so what will happen is you will have a lot of different pronunciations and some

vowel sound like speech even so they might be you know

everyone S

but others are significantly different in these are the language words

so the first thing you need to do what we did is we clustered

all the

occurring phone sequences in the different

what meanings

and we use the D V scan a cluster for that so if you if

when we're lucky we are ending up with the cluster which represents everything widget goes

to language

and the other cluster represents everything which goes to speech

and then if you have several words which sound like speech then what prefix was

using was the n-best lectures to from and real spoken order to

basic generate one a result for speech

and then he would put those two results into the dictionary so

since we don't have

a really written form we cannot give it what checks all you can either we

in our case we just did numbers

so there is one word which gets the number one and the has the pronunciation


and there's another word which gets the i teach when it has the pronunciation speech

okay and so we try this out not would be tech but we moved to

a pronunciation extraction on private data because felix found very nice page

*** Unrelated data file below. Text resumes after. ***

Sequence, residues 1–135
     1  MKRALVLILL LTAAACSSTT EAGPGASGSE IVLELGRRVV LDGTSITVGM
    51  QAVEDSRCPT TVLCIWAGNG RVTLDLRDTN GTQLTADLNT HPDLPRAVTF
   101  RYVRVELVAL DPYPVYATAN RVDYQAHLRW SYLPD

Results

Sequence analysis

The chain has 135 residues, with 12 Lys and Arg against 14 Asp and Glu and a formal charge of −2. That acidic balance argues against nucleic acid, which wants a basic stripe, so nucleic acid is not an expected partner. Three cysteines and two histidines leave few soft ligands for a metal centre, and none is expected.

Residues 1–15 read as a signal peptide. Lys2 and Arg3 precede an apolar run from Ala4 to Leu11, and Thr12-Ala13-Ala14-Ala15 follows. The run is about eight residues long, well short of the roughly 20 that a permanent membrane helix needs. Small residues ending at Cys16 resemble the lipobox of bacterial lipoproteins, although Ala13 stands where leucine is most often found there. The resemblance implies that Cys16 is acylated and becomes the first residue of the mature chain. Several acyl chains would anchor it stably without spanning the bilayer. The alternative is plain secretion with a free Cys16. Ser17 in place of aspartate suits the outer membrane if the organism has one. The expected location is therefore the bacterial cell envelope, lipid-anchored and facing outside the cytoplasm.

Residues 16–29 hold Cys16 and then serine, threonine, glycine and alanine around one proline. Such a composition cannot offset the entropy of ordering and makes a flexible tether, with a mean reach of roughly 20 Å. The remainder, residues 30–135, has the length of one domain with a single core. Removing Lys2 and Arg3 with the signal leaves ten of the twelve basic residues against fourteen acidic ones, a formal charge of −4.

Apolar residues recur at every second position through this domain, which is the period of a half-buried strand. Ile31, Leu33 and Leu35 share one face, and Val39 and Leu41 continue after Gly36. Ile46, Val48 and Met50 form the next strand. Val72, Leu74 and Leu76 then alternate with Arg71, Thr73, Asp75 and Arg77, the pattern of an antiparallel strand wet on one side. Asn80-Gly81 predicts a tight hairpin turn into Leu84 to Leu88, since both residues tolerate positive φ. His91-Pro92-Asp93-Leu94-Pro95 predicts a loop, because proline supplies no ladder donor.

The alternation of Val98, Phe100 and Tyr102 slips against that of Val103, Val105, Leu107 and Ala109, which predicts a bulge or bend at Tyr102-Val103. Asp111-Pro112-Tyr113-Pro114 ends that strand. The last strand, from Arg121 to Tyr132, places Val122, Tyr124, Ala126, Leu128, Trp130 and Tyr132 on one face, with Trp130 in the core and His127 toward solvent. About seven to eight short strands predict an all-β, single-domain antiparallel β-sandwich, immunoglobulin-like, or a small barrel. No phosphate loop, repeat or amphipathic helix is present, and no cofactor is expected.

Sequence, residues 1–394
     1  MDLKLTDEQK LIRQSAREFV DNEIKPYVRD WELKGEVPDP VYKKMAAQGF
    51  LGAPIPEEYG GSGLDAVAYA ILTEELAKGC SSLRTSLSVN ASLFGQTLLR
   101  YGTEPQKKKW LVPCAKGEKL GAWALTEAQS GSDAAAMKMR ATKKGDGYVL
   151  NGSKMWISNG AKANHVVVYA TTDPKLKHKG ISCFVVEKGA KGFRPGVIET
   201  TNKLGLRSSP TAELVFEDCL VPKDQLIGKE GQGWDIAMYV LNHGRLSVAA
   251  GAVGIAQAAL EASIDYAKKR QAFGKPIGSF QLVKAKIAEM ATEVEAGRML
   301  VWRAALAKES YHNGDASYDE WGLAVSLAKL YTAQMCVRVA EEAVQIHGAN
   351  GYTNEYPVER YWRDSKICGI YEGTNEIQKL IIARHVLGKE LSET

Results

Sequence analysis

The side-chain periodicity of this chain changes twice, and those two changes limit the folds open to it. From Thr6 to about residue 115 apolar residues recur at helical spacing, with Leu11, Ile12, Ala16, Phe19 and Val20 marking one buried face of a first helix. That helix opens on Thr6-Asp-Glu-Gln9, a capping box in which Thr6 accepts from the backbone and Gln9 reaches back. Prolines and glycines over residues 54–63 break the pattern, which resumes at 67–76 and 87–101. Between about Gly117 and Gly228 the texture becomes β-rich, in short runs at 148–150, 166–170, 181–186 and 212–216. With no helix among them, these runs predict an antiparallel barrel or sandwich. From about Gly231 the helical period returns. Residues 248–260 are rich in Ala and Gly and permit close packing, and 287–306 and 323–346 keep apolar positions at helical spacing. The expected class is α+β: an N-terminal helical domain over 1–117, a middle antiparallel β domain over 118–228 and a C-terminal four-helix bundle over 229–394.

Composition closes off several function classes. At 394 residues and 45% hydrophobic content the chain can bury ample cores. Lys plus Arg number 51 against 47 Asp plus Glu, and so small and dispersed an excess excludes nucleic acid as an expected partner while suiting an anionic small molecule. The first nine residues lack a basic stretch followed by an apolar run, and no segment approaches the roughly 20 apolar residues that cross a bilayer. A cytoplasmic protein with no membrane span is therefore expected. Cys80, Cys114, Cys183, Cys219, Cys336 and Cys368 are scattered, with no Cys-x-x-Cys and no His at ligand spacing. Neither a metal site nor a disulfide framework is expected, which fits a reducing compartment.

bible gateway which provides

translations of bible of the bible in many different languages and he did not fifteen

translations intend languages and they even provide all you in english portuguese and some other


in order to play around with

and so what needed to sorry she basically verse aligned the bible text so he

extracted more than thirty

rows alignments for training

his approach

and so what you see here is basically the distribution of the absolute phoneme errors

in the extracted pronunciations

so basically he compared extractor come a pronunciations to the real word pronunciations

and so for example this thing here means that

if you use T V spanish bible

create english pronunciations

there are about three thousand nine hundred words

out of the fourteen hundred which had forty thousand which are extracted

in these three thousand nine hundred words have no phoneme error so there really correspond

exactly to what

had been found in the dictionary

so that in total the dictionary had something like fourteen hundred words so this is

the use easily so this is the english one of the english the bible translations

and this one gives you

the distributions

of the phone arrows across all the different languages he started from to extract the


one thing so what we did in this case it's we assumed

it in a first step we assume that the target phone sequence

is the canonical pronunciation so that means this has not been done with the phone

recognizer on audio but it has been done

under the assumption that the phone